Christy O'Connor: Cork football must tap into clear supply of underage talent

Since 2019 Cork have landed two minor and two U20 titles in Munster, along with an All-Ireland at each grade
Christy O'Connor: Cork football must tap into clear supply of underage talent

Cork players celebrate after the big minor win over Kerry last week at Páirc Uí Rinn. Picture: INPHO/Bryan Keane

CORK'S Munster minor football final win last week didn’t trigger the same explosion of emotion that Cork’s Munster U20 final victory against Kerry in 2019 unleashed but it still carried so many echoes of the mood that evening three years ago.

The crowd in Páirc Uí Rinn wasn’t as big as it had been for that 2019 final but Kerry had been even warmer favourites last week because of the hammering they’d dished out to Cork in the championship just three weeks earlier.

During the presentation afterwards, there was a decent crowd of Cork supporters on the pitch. By the time Colm Gillespie emerged from the stand with the cup, the rest of the squad had gathered just outside the gate and Gillespie jumped into that collective embrace of pure joy and delirium.

As the squad posed in a pack for a photograph, the multitude of kids who had gathered around the margins spotted their opportunity and closed in around the squad as the cameras flashed. It became so chaotic that order had to be restored and a proper squad photo had to organised.

The mood continued to be flooded with ecstasy and elation, right across the board. When the players began jumping up and down again with the cup after the photo, a couple of small boys with Cork tracksuits, aged no more than eight or nine, got in on the act. It was a class image, a brilliant moment when Cork football felt intrinsically connected to its people, especially those it hopes to inspire now and in the future.

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Cork football has always existed in that twilight zone between hurling hype and the Cork GAA public’s ambivalence towards its first cousin. At times, the connection has been so loose that football is treated like a third or fourth cousin, where the link doesn’t really matter or mean anything significant.

It does though when Cork footballers give the public something to be proud of, something that reminds them of what Cork football is capable of, when they show that brazen and confident attitude that is almost expected of Cork sportspeople, but which too many Cork football teams have failed to show.

In fairness to legions of Cork underage teams in recent years, that accusation could rarely be levelled at them. They may not have always won as much as the Cork public would have liked (those that were interested anyway), or as much as they were capable of, but they still invariably fronted up and played with the pride and application expected off the jersey.

When Kerry gobbled up five All-Ireland minor titles in a row between 2014-18, the hardest game they got in many of those seasons was against Cork in Munster. In 2015 and 2018, Kerry beat Cork in those Munster semi-finals by just one point. After that 2015 meeting, Kerry went on to win their next four games by an aggregate margin of 34 points.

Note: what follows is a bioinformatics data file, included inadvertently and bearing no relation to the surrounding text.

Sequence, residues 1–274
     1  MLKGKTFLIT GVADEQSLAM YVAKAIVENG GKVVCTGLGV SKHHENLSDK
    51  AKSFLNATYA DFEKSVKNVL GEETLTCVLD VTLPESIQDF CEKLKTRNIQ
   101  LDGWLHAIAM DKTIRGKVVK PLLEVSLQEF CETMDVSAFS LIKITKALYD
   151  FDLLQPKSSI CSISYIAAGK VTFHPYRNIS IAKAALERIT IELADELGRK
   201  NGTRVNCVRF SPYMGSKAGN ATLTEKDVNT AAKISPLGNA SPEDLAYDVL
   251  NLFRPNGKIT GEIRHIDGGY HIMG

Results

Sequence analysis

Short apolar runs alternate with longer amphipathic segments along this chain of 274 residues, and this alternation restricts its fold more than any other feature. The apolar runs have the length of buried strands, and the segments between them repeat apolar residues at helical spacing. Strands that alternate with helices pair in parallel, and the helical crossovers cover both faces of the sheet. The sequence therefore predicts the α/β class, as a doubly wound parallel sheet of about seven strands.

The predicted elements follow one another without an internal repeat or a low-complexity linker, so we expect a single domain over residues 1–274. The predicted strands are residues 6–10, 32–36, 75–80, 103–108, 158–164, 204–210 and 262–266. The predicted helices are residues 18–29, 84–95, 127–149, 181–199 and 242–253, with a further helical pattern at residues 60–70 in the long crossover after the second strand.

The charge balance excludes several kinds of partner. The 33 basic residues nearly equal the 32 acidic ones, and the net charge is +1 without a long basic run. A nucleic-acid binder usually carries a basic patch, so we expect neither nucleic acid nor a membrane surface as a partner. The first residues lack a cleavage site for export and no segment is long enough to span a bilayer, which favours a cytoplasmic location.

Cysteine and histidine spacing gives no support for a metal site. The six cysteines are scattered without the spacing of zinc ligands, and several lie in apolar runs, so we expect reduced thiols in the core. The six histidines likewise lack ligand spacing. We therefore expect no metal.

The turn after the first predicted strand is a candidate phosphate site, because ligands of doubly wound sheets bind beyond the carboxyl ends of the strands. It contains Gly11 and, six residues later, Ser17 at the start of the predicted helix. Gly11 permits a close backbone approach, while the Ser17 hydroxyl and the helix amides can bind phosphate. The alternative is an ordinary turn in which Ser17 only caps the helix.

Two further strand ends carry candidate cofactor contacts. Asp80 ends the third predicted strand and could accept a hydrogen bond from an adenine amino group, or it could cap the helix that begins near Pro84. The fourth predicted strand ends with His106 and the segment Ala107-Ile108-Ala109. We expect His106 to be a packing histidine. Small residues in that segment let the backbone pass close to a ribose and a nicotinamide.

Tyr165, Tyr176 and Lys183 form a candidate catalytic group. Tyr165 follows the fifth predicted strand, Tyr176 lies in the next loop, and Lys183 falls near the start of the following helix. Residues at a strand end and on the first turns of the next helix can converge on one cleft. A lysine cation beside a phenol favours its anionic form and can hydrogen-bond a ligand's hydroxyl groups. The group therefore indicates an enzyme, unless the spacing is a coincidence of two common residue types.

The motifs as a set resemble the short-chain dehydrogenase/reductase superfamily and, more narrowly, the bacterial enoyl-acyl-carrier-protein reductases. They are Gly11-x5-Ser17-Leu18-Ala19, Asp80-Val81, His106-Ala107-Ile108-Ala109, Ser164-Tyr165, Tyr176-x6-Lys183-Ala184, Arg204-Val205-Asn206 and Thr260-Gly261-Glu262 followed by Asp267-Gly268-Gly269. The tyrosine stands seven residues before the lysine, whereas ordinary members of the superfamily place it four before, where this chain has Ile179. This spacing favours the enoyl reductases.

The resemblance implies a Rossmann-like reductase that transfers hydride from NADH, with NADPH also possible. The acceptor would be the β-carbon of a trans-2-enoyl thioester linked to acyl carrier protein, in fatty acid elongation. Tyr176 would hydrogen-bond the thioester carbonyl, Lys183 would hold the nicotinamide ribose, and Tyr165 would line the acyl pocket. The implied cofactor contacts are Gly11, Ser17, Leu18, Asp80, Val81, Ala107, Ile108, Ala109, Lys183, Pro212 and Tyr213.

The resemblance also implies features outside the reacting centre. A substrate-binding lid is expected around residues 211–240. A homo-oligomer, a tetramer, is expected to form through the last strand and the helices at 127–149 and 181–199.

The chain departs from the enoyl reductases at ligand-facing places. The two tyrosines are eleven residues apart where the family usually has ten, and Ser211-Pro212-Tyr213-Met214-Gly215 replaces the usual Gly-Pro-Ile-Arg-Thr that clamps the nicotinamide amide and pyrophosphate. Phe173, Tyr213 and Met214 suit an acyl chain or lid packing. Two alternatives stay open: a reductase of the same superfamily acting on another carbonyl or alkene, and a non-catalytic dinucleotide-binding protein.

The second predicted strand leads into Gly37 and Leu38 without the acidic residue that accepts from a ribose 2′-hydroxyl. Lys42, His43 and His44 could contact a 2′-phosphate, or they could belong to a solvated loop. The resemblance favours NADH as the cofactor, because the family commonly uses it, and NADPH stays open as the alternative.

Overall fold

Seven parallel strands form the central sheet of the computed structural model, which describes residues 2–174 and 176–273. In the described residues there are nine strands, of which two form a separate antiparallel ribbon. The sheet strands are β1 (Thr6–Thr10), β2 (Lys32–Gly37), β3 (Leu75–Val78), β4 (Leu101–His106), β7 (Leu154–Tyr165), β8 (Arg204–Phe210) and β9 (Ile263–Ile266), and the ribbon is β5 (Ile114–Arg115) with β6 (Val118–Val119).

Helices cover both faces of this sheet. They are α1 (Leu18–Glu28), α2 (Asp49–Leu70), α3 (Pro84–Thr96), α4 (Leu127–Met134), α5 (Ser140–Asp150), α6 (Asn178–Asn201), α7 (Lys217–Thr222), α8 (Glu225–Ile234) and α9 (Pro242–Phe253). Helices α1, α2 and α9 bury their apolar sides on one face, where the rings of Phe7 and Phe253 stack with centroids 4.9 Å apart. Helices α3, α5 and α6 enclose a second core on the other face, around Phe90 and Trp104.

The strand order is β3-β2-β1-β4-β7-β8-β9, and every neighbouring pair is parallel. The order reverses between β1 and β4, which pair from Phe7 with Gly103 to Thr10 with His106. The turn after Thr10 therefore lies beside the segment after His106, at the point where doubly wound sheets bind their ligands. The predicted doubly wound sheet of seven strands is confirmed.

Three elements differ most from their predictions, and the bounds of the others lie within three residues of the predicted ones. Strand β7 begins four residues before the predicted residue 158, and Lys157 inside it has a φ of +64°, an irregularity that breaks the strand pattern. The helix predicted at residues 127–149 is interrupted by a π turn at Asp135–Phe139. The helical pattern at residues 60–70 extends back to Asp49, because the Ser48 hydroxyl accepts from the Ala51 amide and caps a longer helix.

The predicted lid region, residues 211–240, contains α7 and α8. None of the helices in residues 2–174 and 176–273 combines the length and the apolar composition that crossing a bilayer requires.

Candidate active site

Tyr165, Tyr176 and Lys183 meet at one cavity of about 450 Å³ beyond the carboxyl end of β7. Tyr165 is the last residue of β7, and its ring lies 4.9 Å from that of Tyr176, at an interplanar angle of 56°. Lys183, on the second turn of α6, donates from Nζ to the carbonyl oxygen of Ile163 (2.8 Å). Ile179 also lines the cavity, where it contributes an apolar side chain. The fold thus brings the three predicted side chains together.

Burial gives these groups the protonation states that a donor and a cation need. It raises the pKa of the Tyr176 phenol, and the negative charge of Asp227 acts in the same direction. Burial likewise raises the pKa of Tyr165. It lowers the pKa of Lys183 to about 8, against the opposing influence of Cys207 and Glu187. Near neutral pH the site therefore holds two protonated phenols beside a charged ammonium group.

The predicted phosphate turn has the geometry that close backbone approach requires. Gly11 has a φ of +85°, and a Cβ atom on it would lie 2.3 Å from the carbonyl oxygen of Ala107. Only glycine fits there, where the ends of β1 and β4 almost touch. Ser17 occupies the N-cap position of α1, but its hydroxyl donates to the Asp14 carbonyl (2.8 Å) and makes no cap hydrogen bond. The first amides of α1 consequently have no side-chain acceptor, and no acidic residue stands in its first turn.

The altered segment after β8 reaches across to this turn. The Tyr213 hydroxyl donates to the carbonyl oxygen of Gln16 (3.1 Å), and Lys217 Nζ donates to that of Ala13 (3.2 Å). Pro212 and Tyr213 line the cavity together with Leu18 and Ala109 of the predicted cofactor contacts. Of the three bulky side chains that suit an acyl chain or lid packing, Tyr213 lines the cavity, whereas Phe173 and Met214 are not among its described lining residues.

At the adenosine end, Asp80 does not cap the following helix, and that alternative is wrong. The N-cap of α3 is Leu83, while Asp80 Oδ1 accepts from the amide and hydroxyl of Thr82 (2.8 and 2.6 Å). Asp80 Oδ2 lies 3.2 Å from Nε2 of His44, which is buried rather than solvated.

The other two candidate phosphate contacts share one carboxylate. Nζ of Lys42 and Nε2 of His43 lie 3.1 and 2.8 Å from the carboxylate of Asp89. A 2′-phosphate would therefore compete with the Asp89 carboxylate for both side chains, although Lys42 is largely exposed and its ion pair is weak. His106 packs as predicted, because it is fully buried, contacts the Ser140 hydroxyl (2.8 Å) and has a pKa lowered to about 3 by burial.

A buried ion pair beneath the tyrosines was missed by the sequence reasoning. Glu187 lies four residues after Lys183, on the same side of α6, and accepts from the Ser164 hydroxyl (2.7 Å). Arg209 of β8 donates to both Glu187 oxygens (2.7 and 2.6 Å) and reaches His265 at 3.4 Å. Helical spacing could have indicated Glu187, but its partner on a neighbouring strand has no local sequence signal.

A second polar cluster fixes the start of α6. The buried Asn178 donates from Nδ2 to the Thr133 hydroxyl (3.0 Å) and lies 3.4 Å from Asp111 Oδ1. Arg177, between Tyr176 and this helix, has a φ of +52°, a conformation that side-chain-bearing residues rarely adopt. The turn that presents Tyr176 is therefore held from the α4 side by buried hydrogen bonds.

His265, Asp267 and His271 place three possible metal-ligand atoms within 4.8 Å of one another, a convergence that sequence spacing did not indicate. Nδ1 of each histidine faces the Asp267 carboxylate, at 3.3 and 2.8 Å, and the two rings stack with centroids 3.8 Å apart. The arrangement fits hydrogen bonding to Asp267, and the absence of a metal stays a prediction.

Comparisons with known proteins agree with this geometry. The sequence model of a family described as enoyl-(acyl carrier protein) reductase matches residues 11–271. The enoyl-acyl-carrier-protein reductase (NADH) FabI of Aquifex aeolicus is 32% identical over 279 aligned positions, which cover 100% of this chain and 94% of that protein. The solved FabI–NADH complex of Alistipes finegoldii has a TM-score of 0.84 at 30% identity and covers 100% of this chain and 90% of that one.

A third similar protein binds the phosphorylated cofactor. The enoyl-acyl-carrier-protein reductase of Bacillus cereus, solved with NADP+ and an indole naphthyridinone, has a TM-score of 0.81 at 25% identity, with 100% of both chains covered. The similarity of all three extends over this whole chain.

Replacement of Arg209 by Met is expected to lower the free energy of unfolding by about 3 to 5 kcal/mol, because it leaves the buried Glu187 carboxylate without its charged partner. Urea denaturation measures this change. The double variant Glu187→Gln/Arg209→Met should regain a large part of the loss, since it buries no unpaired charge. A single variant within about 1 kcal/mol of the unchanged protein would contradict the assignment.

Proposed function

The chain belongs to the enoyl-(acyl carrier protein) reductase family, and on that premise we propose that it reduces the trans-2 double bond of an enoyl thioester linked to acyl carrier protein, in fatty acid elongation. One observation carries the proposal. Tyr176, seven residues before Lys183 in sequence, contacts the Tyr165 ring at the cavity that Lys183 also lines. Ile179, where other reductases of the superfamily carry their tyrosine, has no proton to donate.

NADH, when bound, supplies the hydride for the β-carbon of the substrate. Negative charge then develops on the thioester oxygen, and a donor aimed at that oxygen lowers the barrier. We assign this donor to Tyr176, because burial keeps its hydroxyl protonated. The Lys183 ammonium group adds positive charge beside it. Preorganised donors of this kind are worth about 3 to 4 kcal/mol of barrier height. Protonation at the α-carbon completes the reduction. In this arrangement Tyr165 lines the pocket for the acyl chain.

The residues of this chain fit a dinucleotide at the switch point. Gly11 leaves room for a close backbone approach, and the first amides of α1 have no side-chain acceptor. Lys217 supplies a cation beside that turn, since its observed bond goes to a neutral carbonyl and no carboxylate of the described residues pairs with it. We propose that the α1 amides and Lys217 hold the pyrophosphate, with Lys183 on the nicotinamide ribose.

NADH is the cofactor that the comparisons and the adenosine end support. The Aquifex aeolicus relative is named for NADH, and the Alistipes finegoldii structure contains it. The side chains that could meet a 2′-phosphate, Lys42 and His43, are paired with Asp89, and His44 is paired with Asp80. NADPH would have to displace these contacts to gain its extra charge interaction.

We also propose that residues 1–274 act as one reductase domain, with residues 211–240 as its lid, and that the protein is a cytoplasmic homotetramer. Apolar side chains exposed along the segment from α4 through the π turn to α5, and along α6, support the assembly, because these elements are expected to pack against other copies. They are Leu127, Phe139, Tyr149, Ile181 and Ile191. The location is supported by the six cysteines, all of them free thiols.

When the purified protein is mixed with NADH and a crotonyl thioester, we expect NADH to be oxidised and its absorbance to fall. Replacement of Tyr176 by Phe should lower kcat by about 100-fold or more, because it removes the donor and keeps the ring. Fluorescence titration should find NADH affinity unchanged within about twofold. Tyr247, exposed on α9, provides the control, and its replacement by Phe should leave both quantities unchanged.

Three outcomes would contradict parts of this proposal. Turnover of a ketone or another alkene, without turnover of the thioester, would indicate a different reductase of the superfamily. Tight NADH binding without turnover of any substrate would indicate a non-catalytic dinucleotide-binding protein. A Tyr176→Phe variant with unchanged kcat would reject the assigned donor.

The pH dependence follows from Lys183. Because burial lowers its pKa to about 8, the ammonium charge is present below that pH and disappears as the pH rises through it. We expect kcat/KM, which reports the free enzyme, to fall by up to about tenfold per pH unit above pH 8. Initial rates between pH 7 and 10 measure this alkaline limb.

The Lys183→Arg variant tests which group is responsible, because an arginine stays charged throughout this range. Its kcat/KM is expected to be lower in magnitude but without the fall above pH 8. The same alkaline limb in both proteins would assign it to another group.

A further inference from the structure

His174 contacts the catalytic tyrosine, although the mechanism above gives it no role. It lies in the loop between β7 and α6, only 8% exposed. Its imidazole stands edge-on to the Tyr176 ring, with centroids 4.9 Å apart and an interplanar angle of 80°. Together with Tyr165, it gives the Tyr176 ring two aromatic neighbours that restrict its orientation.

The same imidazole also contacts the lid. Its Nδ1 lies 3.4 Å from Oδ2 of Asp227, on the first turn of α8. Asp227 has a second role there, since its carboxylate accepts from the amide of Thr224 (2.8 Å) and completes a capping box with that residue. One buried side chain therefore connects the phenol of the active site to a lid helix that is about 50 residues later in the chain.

It was just Cork’s misfortune to have lost out in provincial semi-finals in those seasons because those teams were good enough to come back and beat Kerry and win the All-Ireland through the back-door.

Although Cork were annihilated by Kerry in May, the system is far more accommodating now towards restoration and redemption and Cork got a chance for atonement last week, which they firmly grasped.

Turning a 14-point whipping into an 11-point victory underlines the vagaries of the U17 grade, but Cork manager Michael O’Brien made an interesting point in his post-match TG4 interview about how the players reacted after the first Kerry game.

“It happened, it was done,” said O’Brien. “We had a quick chat, we knew we hadn’t performed, and we wanted to perform. We knew coming here that we were going to deliver an excellent performance.” 

BAGGAGE

It can often be that basic with underage players because they don’t carry baggage, primarily because they haven’t built it up like older players, while they often don’t over-think matters as much either.

The S&C factor is never going to be as prevalent in over-riding skill at minor level like it does at senior. 

But the way in which the minors recovered from the Kerry beating provided another illustration of what Cork football is capable of if they can harness that conviction inherent in their DNA, but which is too easily washed away at senior level.

Innocence and lack of fear quickly wear off once players go into that bearpit at senior level. Quality, class, power and absolute cut-throat ruthlessness then take over, which Cork have clearly been lacking for most of the last decade. 

Cork are still a long way off the level they should be aspiring towards at senior level, but the key for Cork going forward in the rest of the senior championship is not to over-think matters and to just throw off the shackles like the minors did.

Cork's Ian Maguire and Louth's Sam Mulroy go high for the ball. Picture: Eddie O'Hare
Cork's Ian Maguire and Louth's Sam Mulroy go high for the ball. Picture: Eddie O'Hare

Of course, it’s not that simple as just going out and having a cut but that’s the attitude Cork need to take now ahead of Saturday’s qualifier. Last Saturday’s win against Louth underlined how much ground Cork still have to cover but at least they have a chance of making up some of it.

They can also look to the minors for inspiration in how to bounce back. Of course, the terms and conditions are different. The Cork seniors are certainly not going to beat Kerry if they meet them again in this championship. 

But learning the lessons of that defeat will still be instrumental in how far Cork can yet go in this championship.

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